Football program moving forward at Upper Iowa

Football program moving forward at Upper Iowa

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FAYETTE — Like any college athletics director, Rick Hartzell has his share of concerns and challenges at Upper Iowa University.

One thing Hartzell isn’t worried about is losing his football program.

Earlier this week, Northern Sun Conference members St. Cloud State and Minnesota-Crookston announced the end of their NCAA Division II football programs.

“Football is solid here,” Hartzell said Thursday. “It’s important here. Saturday football here is really cool. We have a good tailgate, we have good crowds. We have 125 guys in football and this place needs them.

“We’re good. We balance the books. We’re in the black and we bring the budget in on the number.”

Minnesota-Crookston chancellor Mary Holz-Clause said her university’s decision to eliminate football was due to inadequate funding. At St. Cloud State, it’s the product of a $5.1 million budget deficit and a Title IX court order to balance opportunities and benefits for male and female students.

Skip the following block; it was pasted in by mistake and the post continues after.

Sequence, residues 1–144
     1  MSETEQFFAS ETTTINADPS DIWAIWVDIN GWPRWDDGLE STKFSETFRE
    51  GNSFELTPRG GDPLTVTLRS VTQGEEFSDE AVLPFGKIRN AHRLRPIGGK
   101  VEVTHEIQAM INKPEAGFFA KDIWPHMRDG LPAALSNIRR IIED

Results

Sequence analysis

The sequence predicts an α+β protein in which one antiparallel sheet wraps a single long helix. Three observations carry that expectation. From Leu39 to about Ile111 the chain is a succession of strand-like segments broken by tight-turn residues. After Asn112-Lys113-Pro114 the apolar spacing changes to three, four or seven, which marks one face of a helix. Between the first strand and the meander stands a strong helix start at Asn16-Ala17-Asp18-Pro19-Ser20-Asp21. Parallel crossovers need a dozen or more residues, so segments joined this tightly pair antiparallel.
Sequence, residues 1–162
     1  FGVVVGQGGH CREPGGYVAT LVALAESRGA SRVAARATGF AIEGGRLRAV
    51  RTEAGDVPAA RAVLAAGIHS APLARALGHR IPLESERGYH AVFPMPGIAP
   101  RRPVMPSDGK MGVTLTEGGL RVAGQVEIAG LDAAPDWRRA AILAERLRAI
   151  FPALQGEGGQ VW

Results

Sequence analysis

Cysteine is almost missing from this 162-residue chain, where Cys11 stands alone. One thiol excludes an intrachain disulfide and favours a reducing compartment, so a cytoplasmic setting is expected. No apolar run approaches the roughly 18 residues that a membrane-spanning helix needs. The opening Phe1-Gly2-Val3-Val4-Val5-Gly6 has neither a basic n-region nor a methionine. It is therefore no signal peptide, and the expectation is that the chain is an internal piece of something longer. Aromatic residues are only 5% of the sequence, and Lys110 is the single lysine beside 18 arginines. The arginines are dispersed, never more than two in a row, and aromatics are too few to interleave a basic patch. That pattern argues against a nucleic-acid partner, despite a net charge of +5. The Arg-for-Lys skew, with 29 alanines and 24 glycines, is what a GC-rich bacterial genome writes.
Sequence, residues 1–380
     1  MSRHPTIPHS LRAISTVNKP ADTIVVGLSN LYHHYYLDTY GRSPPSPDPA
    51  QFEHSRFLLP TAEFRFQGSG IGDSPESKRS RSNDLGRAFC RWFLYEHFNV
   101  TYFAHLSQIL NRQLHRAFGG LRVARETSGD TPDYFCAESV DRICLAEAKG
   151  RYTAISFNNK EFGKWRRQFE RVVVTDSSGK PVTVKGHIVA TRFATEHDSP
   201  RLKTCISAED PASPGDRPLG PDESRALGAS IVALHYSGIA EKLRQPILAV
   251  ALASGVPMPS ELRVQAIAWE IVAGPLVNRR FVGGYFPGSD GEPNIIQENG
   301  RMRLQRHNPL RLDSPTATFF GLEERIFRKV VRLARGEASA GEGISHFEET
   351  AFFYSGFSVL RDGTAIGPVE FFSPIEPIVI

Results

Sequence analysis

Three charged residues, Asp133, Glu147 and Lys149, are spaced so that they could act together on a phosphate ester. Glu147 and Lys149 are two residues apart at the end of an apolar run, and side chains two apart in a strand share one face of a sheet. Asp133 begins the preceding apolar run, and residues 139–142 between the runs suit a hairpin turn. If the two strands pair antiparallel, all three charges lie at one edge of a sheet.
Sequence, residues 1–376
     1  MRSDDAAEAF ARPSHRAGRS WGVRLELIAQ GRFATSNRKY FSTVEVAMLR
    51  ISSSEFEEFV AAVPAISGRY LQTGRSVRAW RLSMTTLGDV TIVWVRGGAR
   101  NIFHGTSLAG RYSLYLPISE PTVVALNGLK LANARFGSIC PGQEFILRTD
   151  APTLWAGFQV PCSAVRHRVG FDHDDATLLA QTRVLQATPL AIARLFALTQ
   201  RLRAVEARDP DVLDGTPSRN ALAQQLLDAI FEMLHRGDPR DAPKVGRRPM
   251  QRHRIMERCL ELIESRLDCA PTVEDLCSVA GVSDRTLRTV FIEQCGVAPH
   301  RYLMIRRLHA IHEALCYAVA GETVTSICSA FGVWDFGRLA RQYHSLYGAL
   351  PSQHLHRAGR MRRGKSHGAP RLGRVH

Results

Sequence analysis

The timing of the decisions coincides with a change in Northern Sun Conference by-laws that previously required league members to sponsor football.

“Augustana plans to go Division I and the league didn’t want to lose them so a rule was put in where you don’t have to play football anymore to be a member,” noted Hartzell. “You still have to have a certain number of men’s and women’s championship sports, but you don’t have to play football.

“Now we can keep those teams in the league.”

Hartzell does have concerns about the Peacocks’ performance on the gridiron in recent seasons. To that end, Tom Shea has stepped aside as head coach and Hartzell hopes to name a new leader for the program in the next few days.

Shea recently completed his 11th season as head coach. His teams posted winning records in four of the last seven years and went 42-79 overall, including a 2-9 mark during the 2019 campaign.

Shea will remain on staff in a new role next season.

“Tom will move into more of an advisory role, although he may still help with the coaching,” said Hartzell.


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